To improve on how these tenders are processed, it highlights the importance of engineers in decision-making positions to turn governments into informed buyers.

With leaner resources and fewer engineers in government roles, how can the public sector make the most of its engineering staff?This expertise can be critical across all levels of government during an infrastructure project’s concept, design, construction and operation phases.

Mr. McIntyre says engineers sit at the heart of infrastructure developments and should be involved heavily in projects to deliver safe and reliable assets at all levels of government.

“This is true for local governments as well as they are required to build or commission assets in order to serve the community and ratepayers,” he explains.

“Engineers play key decision-making roles for these local governments, identifying what should be built and the best ways to build them. Even when outsourcing to a private company, they are vital for overseeing contract management.”

Informed specifying and optioning for infrastructure projects can discern superior methods of solving a problem at a lower cost to the community.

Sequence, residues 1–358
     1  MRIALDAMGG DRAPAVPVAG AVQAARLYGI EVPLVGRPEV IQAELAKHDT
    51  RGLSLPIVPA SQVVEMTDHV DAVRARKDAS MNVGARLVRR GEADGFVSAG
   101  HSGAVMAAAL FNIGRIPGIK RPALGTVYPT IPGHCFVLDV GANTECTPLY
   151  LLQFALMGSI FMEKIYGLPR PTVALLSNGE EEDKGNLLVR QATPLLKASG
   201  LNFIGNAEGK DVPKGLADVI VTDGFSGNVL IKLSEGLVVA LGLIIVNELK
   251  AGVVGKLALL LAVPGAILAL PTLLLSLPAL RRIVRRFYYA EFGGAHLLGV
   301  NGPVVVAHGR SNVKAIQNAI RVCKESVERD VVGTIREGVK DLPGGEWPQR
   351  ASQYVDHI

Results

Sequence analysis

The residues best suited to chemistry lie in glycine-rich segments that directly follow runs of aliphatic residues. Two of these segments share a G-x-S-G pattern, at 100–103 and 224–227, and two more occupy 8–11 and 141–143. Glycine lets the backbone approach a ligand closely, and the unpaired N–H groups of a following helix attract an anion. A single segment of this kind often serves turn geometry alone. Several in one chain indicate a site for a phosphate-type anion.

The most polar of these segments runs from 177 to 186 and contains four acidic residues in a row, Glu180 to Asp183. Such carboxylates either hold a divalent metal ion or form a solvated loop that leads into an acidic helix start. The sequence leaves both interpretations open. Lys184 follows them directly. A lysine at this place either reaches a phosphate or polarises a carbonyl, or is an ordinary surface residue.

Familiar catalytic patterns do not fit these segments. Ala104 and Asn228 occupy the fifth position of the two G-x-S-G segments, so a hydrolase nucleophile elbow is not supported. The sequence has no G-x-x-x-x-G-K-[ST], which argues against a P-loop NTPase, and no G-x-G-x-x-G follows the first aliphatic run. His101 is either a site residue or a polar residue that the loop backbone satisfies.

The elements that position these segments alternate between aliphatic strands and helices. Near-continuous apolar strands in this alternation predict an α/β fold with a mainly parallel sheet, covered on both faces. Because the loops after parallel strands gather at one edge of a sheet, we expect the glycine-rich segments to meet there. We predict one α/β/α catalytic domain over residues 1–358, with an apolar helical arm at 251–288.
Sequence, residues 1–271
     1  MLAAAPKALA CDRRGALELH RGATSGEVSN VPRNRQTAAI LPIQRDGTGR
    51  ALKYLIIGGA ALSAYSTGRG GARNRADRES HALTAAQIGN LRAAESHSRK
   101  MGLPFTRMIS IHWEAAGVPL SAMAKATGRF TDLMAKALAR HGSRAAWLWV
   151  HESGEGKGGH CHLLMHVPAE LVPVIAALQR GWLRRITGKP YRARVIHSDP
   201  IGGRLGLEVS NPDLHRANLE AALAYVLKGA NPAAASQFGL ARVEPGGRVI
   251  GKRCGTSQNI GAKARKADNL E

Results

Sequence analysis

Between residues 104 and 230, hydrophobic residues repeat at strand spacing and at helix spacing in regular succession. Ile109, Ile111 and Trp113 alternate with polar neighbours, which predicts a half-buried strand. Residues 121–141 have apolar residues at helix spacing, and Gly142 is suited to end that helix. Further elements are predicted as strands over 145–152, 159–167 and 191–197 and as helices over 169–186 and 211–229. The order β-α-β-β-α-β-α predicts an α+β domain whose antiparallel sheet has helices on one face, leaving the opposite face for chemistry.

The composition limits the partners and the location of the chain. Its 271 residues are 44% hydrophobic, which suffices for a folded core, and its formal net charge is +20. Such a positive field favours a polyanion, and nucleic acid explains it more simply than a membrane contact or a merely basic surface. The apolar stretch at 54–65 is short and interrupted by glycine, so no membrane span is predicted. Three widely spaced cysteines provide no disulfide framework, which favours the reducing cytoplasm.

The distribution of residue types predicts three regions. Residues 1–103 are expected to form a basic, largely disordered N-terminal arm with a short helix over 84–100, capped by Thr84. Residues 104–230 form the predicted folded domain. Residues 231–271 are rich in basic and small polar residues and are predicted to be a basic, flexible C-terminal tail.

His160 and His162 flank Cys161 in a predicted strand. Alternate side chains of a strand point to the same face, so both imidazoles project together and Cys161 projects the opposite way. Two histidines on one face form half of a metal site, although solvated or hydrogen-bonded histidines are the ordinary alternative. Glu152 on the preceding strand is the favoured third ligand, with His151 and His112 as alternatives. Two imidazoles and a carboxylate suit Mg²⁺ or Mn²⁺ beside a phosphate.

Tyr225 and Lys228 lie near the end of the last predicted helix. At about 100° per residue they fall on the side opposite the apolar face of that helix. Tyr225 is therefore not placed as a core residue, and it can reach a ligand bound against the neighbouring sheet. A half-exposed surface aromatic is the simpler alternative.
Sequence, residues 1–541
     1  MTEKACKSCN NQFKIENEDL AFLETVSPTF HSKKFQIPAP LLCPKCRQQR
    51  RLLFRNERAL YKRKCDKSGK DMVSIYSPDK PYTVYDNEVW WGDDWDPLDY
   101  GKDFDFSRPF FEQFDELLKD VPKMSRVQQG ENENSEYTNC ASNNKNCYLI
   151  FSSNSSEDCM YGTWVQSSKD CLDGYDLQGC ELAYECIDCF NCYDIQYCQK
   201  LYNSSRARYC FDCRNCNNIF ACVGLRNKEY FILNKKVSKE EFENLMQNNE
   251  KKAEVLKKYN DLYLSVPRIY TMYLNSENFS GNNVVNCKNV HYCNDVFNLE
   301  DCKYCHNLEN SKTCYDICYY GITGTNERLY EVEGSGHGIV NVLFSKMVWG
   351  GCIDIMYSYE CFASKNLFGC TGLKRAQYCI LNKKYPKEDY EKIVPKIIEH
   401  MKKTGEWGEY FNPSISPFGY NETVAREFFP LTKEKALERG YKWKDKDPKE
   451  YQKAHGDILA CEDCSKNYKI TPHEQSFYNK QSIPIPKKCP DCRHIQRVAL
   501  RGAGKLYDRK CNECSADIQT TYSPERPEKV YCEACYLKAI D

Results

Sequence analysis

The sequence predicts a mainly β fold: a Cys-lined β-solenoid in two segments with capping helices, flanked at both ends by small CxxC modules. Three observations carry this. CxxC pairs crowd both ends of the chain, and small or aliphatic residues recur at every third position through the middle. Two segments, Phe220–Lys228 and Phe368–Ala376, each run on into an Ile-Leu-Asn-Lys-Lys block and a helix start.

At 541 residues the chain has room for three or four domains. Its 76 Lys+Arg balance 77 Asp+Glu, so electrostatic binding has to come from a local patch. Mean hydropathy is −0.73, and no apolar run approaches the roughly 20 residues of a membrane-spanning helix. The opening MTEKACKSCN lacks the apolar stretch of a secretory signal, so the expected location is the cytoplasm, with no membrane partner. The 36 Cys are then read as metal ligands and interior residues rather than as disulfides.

For example, instead of deciding to design, build and maintain a two-lane bridge, engineers have the skillset and market awareness to find alternative solutions nationally or internationally, which could be potentially cheaper and provide better long-term community benefits.

Mr. McIntyre says engineers are also well placed to mitigate the risks of runaway costs affecting councils and can reduce project scope creep.

“If a council lacks a high-level understanding about how a project should be constructed, it can be easy to enter a contract that doesn’t define some critical elements. If a builder then approaches the council halfway through construction with unforeseen problems in the design, cost and time blow outs are likely,” he says.

“Ensuring a contract is fully scoped with clear specifications from the very beginning lets all parties know what is to be delivered. Engineers provide a clear understanding of project requirements and can determine the appropriate price to tender.”

Local councils can reduce asset deployment risks when operating as an informed buyer, analysing technical information and the long-term impacts of an asset. This could be by establishing the testing required for a potential bridge asset, determining how long that bridge is expected to last, and the future costs of replacement or repair.

As engineers are highly sought after and in demand, it can be difficult for some local governments, especially those in regional areas, to attract talent.